Marlin gets to the point
with swimming researcher
Let me start off by making it clear that I'm glad that whale researcher Mark Ferrari is alive and was not seriously injured. That said ... Hey, how 'bout that marlin!
In case you missed it, Ferrari was stabbed in the shoulder by a marlin last week while getting up close and personal with some false killer whales off West Maui. I always hated that term, "false killer whales," because it implies that there are such creatures as "killer whales" although these particular brutes aren't them. It's imprecise. All whales are "killers" in a way, since they have to kill to eat. They can't just mosey up to the Krill Kounter in an underwater Safeway. By that definition, everything that swims in the ocean is a killer. But you rarely hear oceanographers refer to "killer salmon" or "killer tuna" and even more rarely hear them refer to "false killer tuna."
If false killer whales are not killer whales, why bring the "killer" thing up at all? Why not just give them a name that correctly describes their status in the deep, like "fairly agreeable whales" or "kinda peaceful whales"?
Anyway, a pod of these large swimming mammals that are not killer whales were hanging out about three miles off Puamana hassling a marlin, which seems silly because marlin are among the most heavily armed beasts of the deep. Marlin come with standard-issue spears attached to the front of their faces -- a not-so-subtle way of telling other fish "back off, buster, or it's shish kebab time."
WITH ITS OFFENSIVE weapon always deployed, the marlin is the baddest fish in the ocean. They are agile, mobile and hostile. And even sharks don't mess with them.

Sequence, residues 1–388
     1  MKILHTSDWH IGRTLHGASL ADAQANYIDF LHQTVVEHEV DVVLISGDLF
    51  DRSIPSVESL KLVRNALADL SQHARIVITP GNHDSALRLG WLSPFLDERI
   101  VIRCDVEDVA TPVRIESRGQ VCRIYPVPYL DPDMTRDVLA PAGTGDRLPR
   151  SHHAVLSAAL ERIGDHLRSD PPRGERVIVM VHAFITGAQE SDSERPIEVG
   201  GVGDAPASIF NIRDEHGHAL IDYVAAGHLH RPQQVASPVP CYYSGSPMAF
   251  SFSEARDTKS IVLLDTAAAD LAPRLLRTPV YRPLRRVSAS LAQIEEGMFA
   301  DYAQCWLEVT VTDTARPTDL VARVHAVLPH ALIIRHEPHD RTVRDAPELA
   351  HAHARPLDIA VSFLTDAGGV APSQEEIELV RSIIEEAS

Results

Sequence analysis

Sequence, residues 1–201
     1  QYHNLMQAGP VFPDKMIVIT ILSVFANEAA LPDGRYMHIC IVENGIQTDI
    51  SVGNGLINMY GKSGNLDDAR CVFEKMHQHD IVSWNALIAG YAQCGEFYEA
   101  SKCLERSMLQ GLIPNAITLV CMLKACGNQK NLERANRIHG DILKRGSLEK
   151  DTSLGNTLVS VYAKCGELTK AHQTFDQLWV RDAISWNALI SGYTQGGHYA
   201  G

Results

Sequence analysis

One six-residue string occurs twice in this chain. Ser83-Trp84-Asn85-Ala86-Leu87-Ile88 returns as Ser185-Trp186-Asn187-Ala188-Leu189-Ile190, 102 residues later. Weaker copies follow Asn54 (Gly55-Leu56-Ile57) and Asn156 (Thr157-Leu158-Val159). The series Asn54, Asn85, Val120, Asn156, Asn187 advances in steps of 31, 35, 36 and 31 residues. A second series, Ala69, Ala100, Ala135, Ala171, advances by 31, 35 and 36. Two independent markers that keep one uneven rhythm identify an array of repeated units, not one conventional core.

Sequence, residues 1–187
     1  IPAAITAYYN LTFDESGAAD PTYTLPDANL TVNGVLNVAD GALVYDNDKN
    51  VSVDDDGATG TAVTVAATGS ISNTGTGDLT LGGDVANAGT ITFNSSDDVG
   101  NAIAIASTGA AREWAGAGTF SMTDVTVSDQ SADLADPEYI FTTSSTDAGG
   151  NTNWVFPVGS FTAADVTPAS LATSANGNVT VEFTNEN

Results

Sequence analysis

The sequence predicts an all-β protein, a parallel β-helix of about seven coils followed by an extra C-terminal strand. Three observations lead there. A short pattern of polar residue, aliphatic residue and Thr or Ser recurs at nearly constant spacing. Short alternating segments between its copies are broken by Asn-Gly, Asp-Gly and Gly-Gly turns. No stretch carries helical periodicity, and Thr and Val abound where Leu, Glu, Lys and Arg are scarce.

They are, however, prized by beer-swilling "sport" fishermen who, from the safety and comfort of expensive cabin cruisers, trick them into biting hooks camouflaged to look like a tasty fish. Entire tournaments are dedicated to catching marlin, mainly because they look so impressive stuffed and mounted on the walls of seafood restaurants and seashore cocktail lounges.
They call fishing for marlin a "sport," but it isn't, really, mainly because only one side in the competition is in jeopardy. If fishermen would enter the ocean and take on the marlin hand-to-snout, THAT would be a sport.
Which is sort of what researcher Mark Ferrari did. He got in the water with a camera to record the encounter between a marlin and the mislabeled whales. Say what you will about the mental acuity of someone who hops in the water with an agitated 500-pound fish with a javelin for a nose, but Ferrari obviously isn't afraid to put his okole where his doctorate is.
The marlin raced at Ferrari and stabbed him in the shoulder, in a blow that brought a smile to millions of marlin mounted on walls everywhere. Again, I'm sorry Ferrari was hurt, but check the box scores: Marlin don't have many in the winners column. In fact, right now the score is something like Fishermen: 5,345,567; Marlin: 7.
Ferrari is recovering from his wound. No one knows what happened to the marlin after the attack. I'd like to think he got away from the nonhomicidal whales and retired to the Marlin Spike Bar (where Davey Jones is mounted on the wall over the cash register), where he had a couple of ice-cold mackerels and regaled his buddies about "the one that got away."
Charles Memminger, winner of National Society of Newspaper Columnists awards, appears Mondays, Wednesdays, Fridays and Sundays. E-mail firstname.lastname@example.org